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I'll leave this up until a good alternative is available. CW-ed so feel free to discuss and expand on this if possible.

Use dynamic programming.

for each vertex V
   count[V] = UNKNOWN
for each vertex V

function getCount(V)
   if count[V] == UNKNOWN
      count[V] = 0
      for each edge (V, V2)
        count[V] += getCount(V2) + 1          
   return count[V]

This is O(|V|+|E|) with adjacency list. It counts only the out-degree in the transitive closure. To count the in-degrees, call getCount with edges reversed. To get the sum, add up the counts from both calls.

To see why this is O(|V|+|E|), consider this: each vertex V will be visited exactly 1 + in-degree(V) times: once directly on V, and once for every edge (*, V). On subsequent visits, getCount(V), simply returns the memoized count[V] in O(1).

Another way to look at it is to count how many times each edge will be followed along: exactly once.

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Does this count the in-reachability as well? For instance the DAG A -> B -> C should give the result 2 for all 3 nodes. –  KennyTM Mar 6 '10 at 7:29
Addressed that. Please double check (I'm coming up with this as I go). –  polygenelubricants Mar 6 '10 at 7:32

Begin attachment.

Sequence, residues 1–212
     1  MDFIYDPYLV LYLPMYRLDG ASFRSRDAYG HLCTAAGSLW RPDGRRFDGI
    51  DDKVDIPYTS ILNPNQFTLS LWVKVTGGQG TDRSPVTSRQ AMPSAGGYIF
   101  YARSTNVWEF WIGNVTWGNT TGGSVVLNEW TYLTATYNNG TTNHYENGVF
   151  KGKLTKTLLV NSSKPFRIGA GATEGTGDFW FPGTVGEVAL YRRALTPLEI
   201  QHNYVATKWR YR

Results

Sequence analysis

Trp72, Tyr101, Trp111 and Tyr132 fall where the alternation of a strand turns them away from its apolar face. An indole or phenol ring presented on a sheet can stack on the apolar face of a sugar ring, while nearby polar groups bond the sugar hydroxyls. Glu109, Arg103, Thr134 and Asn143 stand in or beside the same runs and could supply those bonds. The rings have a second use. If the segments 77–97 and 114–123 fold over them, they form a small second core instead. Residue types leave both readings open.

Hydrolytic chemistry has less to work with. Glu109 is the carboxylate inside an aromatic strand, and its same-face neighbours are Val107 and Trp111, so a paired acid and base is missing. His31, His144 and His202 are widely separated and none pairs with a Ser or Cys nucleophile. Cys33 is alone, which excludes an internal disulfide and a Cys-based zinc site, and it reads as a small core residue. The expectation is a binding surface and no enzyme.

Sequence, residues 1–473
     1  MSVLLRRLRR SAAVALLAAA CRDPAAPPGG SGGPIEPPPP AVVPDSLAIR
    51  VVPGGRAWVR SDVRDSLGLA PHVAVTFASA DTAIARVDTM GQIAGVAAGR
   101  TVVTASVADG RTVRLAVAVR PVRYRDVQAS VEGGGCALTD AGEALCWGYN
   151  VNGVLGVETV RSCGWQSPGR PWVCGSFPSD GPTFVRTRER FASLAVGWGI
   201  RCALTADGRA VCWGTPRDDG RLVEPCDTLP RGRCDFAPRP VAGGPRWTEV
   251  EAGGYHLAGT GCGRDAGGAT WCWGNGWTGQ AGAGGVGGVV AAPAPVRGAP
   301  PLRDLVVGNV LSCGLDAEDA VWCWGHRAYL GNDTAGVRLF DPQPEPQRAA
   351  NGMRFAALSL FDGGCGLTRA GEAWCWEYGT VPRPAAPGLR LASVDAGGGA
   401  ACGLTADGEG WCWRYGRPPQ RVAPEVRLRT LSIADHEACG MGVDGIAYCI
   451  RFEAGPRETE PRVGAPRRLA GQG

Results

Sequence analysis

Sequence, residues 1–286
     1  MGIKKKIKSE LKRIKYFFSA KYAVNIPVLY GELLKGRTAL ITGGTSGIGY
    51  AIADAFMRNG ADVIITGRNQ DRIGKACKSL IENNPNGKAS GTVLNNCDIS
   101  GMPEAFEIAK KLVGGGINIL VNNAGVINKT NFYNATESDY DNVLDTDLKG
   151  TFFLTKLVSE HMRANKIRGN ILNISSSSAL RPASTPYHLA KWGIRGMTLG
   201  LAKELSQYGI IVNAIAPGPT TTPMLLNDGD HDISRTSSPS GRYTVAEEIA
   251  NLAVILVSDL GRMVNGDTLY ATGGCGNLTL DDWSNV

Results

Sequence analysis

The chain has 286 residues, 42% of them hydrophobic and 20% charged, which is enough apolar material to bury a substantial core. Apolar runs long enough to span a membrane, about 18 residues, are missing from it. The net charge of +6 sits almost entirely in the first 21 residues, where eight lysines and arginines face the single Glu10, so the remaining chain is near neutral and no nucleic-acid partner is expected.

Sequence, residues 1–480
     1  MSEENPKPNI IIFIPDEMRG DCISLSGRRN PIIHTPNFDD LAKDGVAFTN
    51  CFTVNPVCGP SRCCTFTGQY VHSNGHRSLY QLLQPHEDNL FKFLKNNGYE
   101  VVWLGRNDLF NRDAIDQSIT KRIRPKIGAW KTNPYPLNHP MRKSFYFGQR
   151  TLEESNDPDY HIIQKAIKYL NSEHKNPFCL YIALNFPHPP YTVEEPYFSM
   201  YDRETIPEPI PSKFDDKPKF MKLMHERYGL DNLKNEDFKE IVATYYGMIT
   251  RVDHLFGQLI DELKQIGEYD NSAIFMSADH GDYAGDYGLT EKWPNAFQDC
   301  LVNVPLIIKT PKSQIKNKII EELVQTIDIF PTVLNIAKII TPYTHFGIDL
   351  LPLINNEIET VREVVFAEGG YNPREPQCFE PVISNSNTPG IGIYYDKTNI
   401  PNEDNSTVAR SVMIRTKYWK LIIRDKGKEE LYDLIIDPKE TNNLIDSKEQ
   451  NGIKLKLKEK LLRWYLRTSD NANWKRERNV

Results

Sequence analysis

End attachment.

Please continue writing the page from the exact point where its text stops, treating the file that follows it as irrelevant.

I'm not sure you're complexity estimate is accurate. Wouldn't the recursive call to getCount() imply that the vertices may be visited more than once if they have in-degree > 1. –  ChrisH Mar 6 '10 at 7:40
Addressed that. Please double check (I'm coming up with this as I go). –  polygenelubricants Mar 6 '10 at 7:46
This algorithm is incorrect. On a diamond graph A -> B, A -> C, B -> D, C -> D it returns getCount(A)=4, whereas the correct answer is 3. –  jkff Mar 6 '10 at 8:06

For an exact answer, I think it's going to be hard to beat KennyTM's algorithm. If you're willing to settle for an approximation, then the tank counting method ( http://www.guardian.co.uk/world/2006/jul/20/secondworldwar.tvandradio ) may help.

Assign each vertex a random number in the range [0, 1). Use a linear-time dynamic program like polygenelubricants's to compute for each vertex v the minimum number minreach(v) reachable from v. Then estimate the number of vertices reachable from v as 1/minreach(v) - 1. For better accuracy, repeat several times and take a median of means at each vertex.

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Although I am looking for an exact answer I like your post. Thanks for the article, that was very interesting, and the tank counting method is good to be aware of. +1 for thinking outside the box. –  ChrisH Mar 6 '10 at 18:59
up vote 1 down vote accepted